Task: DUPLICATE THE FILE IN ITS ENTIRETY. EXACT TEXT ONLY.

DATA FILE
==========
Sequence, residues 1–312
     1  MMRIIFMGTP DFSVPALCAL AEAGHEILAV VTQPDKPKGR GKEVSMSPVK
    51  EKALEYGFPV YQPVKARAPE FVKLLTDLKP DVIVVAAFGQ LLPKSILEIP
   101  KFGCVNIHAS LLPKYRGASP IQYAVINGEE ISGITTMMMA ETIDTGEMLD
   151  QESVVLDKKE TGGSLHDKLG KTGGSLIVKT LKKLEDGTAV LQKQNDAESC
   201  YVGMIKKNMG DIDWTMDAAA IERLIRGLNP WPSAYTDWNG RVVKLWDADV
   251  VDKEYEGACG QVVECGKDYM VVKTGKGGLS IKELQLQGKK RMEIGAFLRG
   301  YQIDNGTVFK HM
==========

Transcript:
Sequence, residues 1–312
     1  MMRIIFMGTP DFSVPALCAL AEAGHEILAV VTQPDKPKGR GKEVSMSPVK
    51  EKALEYGFPV YQPVKARAPE FVKLLTDLKP DVIVVAAFGQ LLPKSILEIP
   101  KFGCVNIHAS LLPKYRGASP IQYAVINGEE ISGITTMMMA ETIDTGEMLD
   151  QESVVLDKKE TGGSLHDKLG KTGGSLIVKT LKKLEDGTAV LQKQNDAESC
   201  YVGMIKKNMG DIDWTMDAAA IERLIRGLNP WPSAYTDWNG RVVKLWDADV
   251  VDKEYEGACG QVVECGKDYM VVKTGKGGLS IKELQLQGKK RMEIGAFLRG
   301  YQIDNGTVFK HM